Geoff Berner
Geoff Berner

Five Questions With… Geoff Berner

On his seventh studio album Canadiana Grotesquica, released this week on Coax Records, Vancouver singer/songwriter Geoff Berner marks Canada 150 in his inimitable style by referencing our cultural heritage in unexpected ways.

There are nods to hockey but in the form of a tribute to Vancouver Canucks tough guy Gino Odjick. There’s a song about Terry Fox, but it’s more a reflection of finding strength in the face of personal hardship. There’s some of Berner’s patented social commentary on “Hustle Advisory,” and even a charmingly sweet country song with the self-explanatory title, “Don’t Play Cards For Money With Corby Lund.”

Produced by Paul Rigby (Neko Case, Carolyn Mark), Canadiana Grotesquica is something of a departure for Berner, moving away from the genre of klezmer/punk he is sometimes credited with inventing. Instead, Canadiana Grotesquica is a more roots-oriented singer-songwriter affair, with Rigby’s production emphasizing a melancholy twang, while still incorporating Berner’s trademark accordion playing.

Along with the new album, Dundurn Press will publish Berner’s second novel, The Fiddler Is a Good Woman, on Oct. 14. It’s the follow-up to the well-received Festival Man, and the second in a planned trilogy. Berner will be hitting the road this fall in support of his latest efforts, with tours of Canada, continental Europe, Scandinavia, and a few dates in the US, kicking off with his appearance at the 10th edition of the Accordion Noir Festival at Vancouver's Russian Hall on Sept. 9. You can see his full schedule at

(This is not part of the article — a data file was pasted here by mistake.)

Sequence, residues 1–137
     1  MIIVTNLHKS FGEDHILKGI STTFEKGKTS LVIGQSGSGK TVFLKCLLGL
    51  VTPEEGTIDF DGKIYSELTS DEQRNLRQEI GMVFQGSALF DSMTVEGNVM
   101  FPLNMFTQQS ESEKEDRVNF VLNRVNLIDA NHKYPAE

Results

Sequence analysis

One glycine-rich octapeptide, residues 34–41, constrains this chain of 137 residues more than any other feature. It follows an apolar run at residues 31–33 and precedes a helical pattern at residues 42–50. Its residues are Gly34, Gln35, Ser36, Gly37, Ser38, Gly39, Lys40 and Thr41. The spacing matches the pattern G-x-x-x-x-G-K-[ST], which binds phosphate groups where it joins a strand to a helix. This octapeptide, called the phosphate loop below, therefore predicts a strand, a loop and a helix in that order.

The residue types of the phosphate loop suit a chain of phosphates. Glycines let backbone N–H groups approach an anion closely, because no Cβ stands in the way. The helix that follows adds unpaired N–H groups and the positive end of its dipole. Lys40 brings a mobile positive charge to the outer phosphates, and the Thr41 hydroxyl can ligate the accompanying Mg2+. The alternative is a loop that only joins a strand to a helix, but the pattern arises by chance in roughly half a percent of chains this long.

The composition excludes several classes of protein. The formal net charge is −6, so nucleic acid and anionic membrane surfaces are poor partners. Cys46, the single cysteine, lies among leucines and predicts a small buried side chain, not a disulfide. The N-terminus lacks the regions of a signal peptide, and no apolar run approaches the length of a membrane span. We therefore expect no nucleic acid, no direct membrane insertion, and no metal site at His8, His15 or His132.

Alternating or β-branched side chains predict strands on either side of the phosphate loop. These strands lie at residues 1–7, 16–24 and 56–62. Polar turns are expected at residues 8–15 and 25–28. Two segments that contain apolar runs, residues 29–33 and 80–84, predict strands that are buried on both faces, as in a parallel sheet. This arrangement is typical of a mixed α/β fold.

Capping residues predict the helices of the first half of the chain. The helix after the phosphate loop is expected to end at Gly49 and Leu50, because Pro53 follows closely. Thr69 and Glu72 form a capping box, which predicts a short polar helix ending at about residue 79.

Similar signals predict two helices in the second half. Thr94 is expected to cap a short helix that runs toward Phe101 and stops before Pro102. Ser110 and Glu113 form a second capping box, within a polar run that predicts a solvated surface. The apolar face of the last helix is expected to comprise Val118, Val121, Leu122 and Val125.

What makes Canadiana Grotesquica stand apart from your previous work?

Lately, I've been making mostly klezmer-ish albums. But now and then I would write a country or folk song, and there was nowhere to put it. Eventually, I had an album's worth of them. So I took them to Paul Rigby, and we made this.

You're releasing the album at the same time as a new novel. Is there any correlation between the book and the recording?

There's a similar mood and a lot of the same place names. Most of the musicians you meet in the novel also play some country or old-time music, like on the album. 

The song "Gino Odjick" has not surprisingly been getting some kind attention in Vancouver, and among hockey fans. Do you know how he feels about the song, and what in your view is his legacy?

I have been told, through private channels, that Mr Odjick thinks the song and the video are good works. It's not for me to say what his legacy is, but I believe he's been a positive role model on how to survive with dignity in a violent system, and how to make a real contribution to your community.

You're launching the album at the Accordion Noir Festival. How important has that event been to you for the past 10 years?

The first Accordion Noir was just my gig with the Creaking Planks and Salmon Avalanche at the Railway Club. It sold out. Each year, something gets added, and that usually sells out too. I planned it as an annual event so that I wouldn't miss my son's birthday, which falls on the same weekend. So it's worked out pretty well for me. I like the fact that it's a festival about honouring oddballs.

If you could change anything about the music business, what would it be?

It is hard to say for sure because the problems are so complex, but we should probably just start by abolishing private property and see where that takes the music industry. 

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